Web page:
Baby rattle and pacifier in silver and coral (C18th)

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Star Exhibit

Baby rattle and pacifier in silver and coral (C18th)

Baby rattle and pacifier, C18th.jpg (i)

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Arch Two , Area 12
The Dolls House (display)
Shelf 1

A Georgian silver and coral baby's rattle, whistle and pacifier, incorporating a whistle, a red coral pacifier, and a set of bells.

This is currently the oldest toy in the museum.


In a world before plastics, coral was a brightly-coloured material that lent itself to whittling, and silver and gold could be worked to produce lightweight shells that didn't rust away when exposed to baby drool (although silver is very prone to tarnishing, as can be seen in our example).

Since a child would probably only ever have one of these rattles, this sort of item would have been a useful choice of christening gift, from someone with money wanting to make a statement about their commitment to a family (such as the child's godparent).


This basic design of rattle, with a coral pacifier at one and, a whistle at the other, and a set of bells attached to the middle, was in production by various makers for over a century. This complicates dating unless one knows the maker. Luckily, the fact that the pieces wee made from silver (or occasionally gold) means that many carry some sort of maker's stamp.


To modern eyes, an ornate metal object full of crevices that could collect dirt and act as a breeding ground for germs would be an appalling thing to give to a baby, especially if it was being encouraged to put one end of the toy into its mouth.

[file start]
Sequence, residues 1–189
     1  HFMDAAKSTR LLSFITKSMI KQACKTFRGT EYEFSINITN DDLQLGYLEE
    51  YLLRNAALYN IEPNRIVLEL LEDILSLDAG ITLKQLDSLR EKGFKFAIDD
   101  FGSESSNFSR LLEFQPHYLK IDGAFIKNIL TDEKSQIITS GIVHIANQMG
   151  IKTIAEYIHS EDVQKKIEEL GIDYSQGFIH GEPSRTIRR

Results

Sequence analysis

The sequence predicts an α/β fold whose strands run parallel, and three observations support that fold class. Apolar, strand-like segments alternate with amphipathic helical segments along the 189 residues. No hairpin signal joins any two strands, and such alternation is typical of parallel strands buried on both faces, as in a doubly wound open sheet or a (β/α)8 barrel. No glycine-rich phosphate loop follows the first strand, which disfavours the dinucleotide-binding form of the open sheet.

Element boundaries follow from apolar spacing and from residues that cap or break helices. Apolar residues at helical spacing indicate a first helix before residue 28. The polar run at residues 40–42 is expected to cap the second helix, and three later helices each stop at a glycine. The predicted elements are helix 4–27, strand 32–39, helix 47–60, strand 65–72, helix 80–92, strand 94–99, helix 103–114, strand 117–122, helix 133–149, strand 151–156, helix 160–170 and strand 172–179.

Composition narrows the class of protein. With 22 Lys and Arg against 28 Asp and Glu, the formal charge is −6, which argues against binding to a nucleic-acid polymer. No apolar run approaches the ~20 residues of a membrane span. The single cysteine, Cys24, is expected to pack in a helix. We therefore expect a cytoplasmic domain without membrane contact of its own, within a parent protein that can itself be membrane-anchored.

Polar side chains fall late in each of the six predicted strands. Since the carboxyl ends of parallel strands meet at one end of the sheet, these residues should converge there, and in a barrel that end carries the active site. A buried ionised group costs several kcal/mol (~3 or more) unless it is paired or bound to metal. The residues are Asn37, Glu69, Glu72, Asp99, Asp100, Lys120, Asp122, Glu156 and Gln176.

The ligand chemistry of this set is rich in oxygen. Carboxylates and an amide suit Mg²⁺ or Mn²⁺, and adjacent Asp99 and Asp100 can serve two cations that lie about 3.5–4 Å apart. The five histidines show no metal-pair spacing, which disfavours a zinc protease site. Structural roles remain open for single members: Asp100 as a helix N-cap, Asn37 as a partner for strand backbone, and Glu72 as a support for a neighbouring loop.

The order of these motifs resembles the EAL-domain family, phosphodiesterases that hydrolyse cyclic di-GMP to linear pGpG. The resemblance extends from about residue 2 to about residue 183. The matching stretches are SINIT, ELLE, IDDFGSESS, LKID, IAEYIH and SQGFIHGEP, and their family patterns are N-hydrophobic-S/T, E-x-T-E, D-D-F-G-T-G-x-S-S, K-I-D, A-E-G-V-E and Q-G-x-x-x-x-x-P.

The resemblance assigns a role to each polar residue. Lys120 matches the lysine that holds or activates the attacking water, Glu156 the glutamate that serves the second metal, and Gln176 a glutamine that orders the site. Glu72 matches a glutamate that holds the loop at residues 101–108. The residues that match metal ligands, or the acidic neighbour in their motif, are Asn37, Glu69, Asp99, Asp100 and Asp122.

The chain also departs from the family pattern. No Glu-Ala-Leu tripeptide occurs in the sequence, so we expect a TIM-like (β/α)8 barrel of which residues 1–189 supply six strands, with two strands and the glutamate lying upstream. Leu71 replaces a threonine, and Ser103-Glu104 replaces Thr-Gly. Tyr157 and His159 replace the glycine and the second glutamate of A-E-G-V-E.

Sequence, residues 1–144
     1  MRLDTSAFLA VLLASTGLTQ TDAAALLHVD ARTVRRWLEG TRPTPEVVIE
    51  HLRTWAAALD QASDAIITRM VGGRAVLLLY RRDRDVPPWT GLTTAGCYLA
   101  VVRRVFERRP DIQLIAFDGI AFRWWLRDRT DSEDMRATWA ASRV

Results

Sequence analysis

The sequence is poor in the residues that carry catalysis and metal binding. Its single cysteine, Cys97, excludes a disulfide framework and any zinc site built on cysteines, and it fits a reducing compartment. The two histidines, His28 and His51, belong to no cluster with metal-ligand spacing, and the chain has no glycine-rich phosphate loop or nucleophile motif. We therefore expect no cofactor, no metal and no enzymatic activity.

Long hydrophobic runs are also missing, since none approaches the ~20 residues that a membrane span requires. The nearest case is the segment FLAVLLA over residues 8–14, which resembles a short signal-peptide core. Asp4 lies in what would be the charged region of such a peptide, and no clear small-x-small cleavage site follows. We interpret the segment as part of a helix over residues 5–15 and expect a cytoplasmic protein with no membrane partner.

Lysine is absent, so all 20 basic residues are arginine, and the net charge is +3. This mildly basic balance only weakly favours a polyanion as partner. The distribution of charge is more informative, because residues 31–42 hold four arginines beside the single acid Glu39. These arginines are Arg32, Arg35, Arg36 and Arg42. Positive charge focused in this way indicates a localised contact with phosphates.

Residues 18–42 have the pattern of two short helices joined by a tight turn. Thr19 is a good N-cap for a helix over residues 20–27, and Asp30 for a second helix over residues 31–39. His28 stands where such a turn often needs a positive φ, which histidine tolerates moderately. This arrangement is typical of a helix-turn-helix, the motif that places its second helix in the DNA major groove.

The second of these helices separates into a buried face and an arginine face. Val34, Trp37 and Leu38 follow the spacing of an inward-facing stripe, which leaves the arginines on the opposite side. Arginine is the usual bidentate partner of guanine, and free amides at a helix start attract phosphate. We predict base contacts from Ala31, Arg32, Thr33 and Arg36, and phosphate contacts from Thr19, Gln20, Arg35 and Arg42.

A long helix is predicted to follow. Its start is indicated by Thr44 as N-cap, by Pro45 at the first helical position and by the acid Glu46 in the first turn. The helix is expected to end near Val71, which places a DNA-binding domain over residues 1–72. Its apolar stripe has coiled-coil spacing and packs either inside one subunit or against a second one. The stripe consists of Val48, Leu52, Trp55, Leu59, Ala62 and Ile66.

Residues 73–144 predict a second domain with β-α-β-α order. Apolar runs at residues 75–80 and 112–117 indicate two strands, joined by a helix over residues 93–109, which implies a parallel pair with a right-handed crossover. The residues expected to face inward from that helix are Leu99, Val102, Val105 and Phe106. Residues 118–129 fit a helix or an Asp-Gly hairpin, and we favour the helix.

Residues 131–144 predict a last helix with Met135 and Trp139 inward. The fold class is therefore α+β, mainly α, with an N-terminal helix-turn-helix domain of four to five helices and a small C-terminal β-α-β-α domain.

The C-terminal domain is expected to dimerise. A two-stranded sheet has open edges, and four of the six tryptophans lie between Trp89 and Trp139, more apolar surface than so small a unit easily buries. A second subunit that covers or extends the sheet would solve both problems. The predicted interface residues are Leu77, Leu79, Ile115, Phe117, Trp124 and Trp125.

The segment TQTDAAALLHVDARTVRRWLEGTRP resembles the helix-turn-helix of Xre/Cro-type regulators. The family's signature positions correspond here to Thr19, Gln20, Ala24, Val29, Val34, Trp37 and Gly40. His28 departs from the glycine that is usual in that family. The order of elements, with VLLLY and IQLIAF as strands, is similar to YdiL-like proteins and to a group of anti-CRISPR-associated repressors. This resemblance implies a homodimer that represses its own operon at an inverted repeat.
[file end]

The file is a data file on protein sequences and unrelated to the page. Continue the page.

The Victorian era was noted for its horrifically high infant mortality, part of which can be blamed on the introduction of the mass-produced baby bottle, combined with an almost total lack of basic knowledge about what really caused diseases – the "germ theory" of disease promoted by Louis Pasteur and Robert Koch only really began to gain popular acceptance in around the ~1850s, and before this is tended to be believed that many diseases were brought on by a "miasma" - essentially some sort of bad-smelling substance in the air. In reality, the bad smell that was associated with disease was usually a byproduct of the bacteria or other microorganisms that caused the disease, or that lived on decaying material alongside other disease-causing microorganisms.

Although these rattles could probably be sterilised by boiling without damaging them, owners would not necessarily have known that this was a good idea. On the plus side, the process of cleaning the silver to remove tarnish might have tended to also remove bacteria (silver can be cleaned by placing in boiling water with chemicals), and silver also has incidental antibacterial properties, so perhaps the silver rattles might have been less dangerous than the more expensive gold versions, which wouldn't have tarnished and wouldn't have needed as much cleaning to keep them looking nice.

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